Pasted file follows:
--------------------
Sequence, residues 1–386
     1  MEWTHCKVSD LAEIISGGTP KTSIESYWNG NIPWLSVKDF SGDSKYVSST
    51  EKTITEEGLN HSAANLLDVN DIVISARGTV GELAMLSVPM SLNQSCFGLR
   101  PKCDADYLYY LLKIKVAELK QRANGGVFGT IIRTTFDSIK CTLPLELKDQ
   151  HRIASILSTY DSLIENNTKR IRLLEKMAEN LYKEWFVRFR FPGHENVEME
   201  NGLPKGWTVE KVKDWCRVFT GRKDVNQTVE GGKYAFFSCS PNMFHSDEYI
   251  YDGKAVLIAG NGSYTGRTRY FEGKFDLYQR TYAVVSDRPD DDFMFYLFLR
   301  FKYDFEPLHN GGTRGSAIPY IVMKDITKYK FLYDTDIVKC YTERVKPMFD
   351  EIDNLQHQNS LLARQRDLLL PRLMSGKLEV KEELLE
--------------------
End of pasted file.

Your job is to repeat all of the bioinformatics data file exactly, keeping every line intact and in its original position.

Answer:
Sequence, residues 1–386
     1  MEWTHCKVSD LAEIISGGTP KTSIESYWNG NIPWLSVKDF SGDSKYVSST
    51  EKTITEEGLN HSAANLLDVN DIVISARGTV GELAMLSVPM SLNQSCFGLR
   101  PKCDADYLYY LLKIKVAELK QRANGGVFGT IIRTTFDSIK CTLPLELKDQ
   151  HRIASILSTY DSLIENNTKR IRLLEKMAEN LYKEWFVRFR FPGHENVEME
   201  NGLPKGWTVE KVKDWCRVFT GRKDVNQTVE GGKYAFFSCS PNMFHSDEYI
   251  YDGKAVLIAG NGSYTGRTRY FEGKFDLYQR TYAVVSDRPD DDFMFYLFLR
   301  FKYDFEPLHN GGTRGSAIPY IVMKDITKYK FLYDTDIVKC YTERVKPMFD
   351  EIDNLQHQNS LLARQRDLLL PRLMSGKLEV KEELLE